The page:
The use of an expandable cage for corpectomy reconstruction of vertebral body tumors through a posterior extracavitary approach: a multicenter consecutive case series of prospectively followed patients.
(Journal Article;Multicenter Study)
BACKGROUND CONTEXT: Posterior decompressions in the form of laminectomies for vertebral body tumors have poor outcomes. Surgical management typically requires anterior decompression and reconstruction; however, these procedures can be associated with significant morbidity and mortality. PURPOSE: To evaluate the feasibility of anterior spinal column reconstruction using an expandable cage through a posterior approach. STUDY DESIGN/SETTING: Multicenter consecutive case series of 21 prospectively followed patients. PATIENT SAMPLE: Twenty-one patients with vertebral body tumors treated with anterior and posterior resection and reconstruction from a single posterior approach were followed prospectively. OUTCOME MEASURES: Pre- and postoperative neurologic status, number of levels instrumented and fused, length of surgery, length of stay after surgery, and complications related directly or indirectly to surgery were analyzed. In addition, pre- and postoperative radiographs, computed tomography (CT) scans, and magnetic resonance imaging (MRI) scans were evaluated for involvement of the vertebral body and associated posterior elements. Particular attention was paid to the presence of either unilateral or bilateral pedicle and/or middle column involvement. METHODS: Patients were placed in a prone position on a rotating radiolucent table. Corpectomy was performed from an extracavitary approach, and anterior column reconstruction was completed with an expandable cage. The posterior tension band and spinal fusion was completed with segmental pedicle screw fixation and performed through the same posterior exposure. No patient required a separate anterior procedure. RESULTS: Patients' average age was 60.3 years (range, 17-78); there were 12 women and 9 men. Eighteen underwent single-level corpectomies (11 thoracic and 7 lumbar), and 3 underwent two-level corpectomies (T4-T5, T11-T12, and T12-L1). Average estimated blood loss (EBL) and length of surgery per level were 1,360 cc (range, 200-2,500) and 5.3 hours (range, 2.7-8.6), respectively. Average postoperative stay was 4.7 days. Nine patients had at least one partial motor grade improvement. One patient had postoperative left lower extremity weakness after surgical decompression and reconstruction secondary to iatrogenic nerve root traction but remained ambulatory. No chest tubes or postoperative bracing was required. At the most recent follow-up, six patients were alive at an average of 16.1 months (range, 3-33). For the 15 patients who died, the average life span after surgery was 6.8 months (range, 1-16). In addition to the iatrogenic nerve root injury, one cage required repositioning on postoperative Day 2 and one cage demonstrated radiographic evidence of settling but did not require surgical intervention; there were no deep venous thromboses (DVTs), pneumothoraces, pneumonias, ileus, or other complications, with a total complication rate of 14.3%. CONCLUSIONS: This is the largest study that specifically examines the use of an expandable cage through a posterior extracavitary approach for reconstruction after vertebral body tumor resection. The use of an expandable cage combined with an extracavitary approach is feasible and allows the surgeon to address both the anterior and posterior columns through a single incision. Although technically challenging, both one- and two-level corpectomies in the thoracic and/or lumbar spine can be performed with this technique. Furthermore, insertion of the expandable cage in the collapsed position and then expansion in situ after implantation allowed for all lumbar reconstructions to be completed without sacrificing any of the lumbar nerve roots. Our 14.3% complication rate is similar to those reported in anterior-alone and circumferential spinal procedures.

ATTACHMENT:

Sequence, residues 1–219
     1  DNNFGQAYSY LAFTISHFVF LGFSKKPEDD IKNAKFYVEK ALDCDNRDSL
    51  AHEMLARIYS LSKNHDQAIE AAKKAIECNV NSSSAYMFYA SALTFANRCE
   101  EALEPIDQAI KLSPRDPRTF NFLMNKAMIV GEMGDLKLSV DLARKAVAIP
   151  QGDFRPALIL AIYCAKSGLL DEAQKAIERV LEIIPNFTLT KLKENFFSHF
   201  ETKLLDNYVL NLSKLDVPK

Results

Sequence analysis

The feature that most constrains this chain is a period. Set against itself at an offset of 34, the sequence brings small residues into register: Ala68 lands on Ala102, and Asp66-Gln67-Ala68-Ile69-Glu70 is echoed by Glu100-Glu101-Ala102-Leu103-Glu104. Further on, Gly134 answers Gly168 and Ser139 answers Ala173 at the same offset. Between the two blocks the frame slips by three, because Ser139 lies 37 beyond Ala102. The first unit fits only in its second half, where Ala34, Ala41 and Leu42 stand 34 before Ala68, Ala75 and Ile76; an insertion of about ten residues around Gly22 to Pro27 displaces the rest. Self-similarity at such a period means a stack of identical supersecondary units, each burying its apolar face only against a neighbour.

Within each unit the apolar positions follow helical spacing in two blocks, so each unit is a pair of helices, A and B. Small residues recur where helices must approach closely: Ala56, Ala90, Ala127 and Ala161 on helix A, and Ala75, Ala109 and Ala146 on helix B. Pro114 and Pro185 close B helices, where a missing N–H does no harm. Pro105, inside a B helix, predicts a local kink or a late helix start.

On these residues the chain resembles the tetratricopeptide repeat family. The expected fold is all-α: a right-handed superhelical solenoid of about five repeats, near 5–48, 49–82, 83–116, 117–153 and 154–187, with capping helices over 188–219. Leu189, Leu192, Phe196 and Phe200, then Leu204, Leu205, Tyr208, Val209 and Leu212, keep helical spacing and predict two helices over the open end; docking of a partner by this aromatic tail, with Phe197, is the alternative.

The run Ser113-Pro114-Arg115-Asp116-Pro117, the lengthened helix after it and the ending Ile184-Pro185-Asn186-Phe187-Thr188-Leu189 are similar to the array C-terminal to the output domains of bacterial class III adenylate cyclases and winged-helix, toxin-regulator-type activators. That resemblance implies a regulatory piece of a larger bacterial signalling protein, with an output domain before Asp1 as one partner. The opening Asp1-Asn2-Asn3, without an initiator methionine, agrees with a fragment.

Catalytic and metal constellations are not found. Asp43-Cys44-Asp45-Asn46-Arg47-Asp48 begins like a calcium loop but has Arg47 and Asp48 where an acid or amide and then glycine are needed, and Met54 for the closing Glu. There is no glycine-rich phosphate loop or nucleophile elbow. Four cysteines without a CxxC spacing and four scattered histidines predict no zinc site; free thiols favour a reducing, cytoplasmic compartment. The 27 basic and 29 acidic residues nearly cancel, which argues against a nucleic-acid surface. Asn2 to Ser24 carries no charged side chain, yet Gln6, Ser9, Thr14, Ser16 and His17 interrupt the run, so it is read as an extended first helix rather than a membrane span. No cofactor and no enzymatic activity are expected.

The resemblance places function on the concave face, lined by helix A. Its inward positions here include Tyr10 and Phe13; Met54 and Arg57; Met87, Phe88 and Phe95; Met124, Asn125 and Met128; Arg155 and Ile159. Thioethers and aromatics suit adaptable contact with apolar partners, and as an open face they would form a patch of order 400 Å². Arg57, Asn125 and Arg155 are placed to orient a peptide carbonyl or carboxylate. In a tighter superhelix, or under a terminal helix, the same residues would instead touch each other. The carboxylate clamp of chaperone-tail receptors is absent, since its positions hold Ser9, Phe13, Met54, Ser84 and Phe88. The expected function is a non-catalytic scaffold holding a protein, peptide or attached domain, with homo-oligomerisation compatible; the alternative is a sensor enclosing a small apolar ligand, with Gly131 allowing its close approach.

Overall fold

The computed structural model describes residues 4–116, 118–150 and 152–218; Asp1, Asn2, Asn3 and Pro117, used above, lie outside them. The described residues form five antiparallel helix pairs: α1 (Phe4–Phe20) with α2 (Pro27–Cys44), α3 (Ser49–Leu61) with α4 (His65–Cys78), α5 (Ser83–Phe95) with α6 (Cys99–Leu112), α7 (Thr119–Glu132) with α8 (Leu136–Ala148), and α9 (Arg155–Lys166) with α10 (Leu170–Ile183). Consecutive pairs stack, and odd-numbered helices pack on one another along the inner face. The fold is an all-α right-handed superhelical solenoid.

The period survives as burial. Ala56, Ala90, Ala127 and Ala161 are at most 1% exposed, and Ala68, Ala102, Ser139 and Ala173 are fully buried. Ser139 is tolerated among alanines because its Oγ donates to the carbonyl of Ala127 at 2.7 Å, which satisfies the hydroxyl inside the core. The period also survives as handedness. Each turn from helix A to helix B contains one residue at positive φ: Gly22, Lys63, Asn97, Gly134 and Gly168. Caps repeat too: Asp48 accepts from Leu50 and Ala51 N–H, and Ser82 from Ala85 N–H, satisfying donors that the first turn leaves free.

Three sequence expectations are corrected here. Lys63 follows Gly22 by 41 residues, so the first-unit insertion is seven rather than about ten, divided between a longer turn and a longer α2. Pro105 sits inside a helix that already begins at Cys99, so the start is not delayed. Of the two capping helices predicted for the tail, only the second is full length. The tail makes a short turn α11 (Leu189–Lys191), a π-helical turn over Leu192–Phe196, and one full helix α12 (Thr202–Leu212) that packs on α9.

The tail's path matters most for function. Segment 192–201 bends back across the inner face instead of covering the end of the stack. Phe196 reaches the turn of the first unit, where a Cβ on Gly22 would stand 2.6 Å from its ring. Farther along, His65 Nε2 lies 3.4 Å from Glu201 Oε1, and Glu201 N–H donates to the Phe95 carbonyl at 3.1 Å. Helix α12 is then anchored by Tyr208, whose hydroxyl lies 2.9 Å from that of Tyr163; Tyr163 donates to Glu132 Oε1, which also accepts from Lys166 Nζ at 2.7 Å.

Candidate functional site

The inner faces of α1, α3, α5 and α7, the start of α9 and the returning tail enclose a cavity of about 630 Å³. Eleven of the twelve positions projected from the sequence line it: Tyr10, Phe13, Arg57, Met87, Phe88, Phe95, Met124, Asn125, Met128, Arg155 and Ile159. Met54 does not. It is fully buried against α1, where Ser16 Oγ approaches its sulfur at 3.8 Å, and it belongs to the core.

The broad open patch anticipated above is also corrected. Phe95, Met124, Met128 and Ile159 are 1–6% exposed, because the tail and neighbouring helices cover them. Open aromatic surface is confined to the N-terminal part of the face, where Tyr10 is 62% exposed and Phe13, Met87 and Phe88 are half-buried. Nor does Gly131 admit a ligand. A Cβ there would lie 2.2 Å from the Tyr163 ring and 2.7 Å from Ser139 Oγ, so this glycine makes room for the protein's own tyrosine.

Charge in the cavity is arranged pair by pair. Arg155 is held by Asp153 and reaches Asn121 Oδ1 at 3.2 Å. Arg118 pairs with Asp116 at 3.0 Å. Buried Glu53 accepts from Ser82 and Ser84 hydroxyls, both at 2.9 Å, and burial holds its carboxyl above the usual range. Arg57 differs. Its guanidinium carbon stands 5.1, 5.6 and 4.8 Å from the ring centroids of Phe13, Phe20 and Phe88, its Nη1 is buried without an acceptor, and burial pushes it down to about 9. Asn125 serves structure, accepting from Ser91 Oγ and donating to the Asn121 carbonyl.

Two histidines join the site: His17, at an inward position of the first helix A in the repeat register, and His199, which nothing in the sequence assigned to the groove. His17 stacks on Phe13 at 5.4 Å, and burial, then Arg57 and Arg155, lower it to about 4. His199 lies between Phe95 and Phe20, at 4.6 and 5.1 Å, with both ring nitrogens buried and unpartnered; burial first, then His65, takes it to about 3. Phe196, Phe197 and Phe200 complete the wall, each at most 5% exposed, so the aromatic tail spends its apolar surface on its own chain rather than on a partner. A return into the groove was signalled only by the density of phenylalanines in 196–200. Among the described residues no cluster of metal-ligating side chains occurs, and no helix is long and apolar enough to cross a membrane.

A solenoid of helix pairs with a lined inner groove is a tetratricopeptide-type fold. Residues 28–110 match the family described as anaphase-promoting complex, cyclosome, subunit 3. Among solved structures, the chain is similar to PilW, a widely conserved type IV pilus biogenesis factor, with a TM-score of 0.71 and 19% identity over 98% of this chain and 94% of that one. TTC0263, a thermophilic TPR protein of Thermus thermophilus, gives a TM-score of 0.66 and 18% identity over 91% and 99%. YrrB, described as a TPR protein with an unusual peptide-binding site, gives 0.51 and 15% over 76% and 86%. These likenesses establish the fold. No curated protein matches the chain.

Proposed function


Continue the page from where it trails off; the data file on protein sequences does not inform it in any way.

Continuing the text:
Shen, FH; Marks, I; Shaffrey, C; Ouellet, J; Arlet, V
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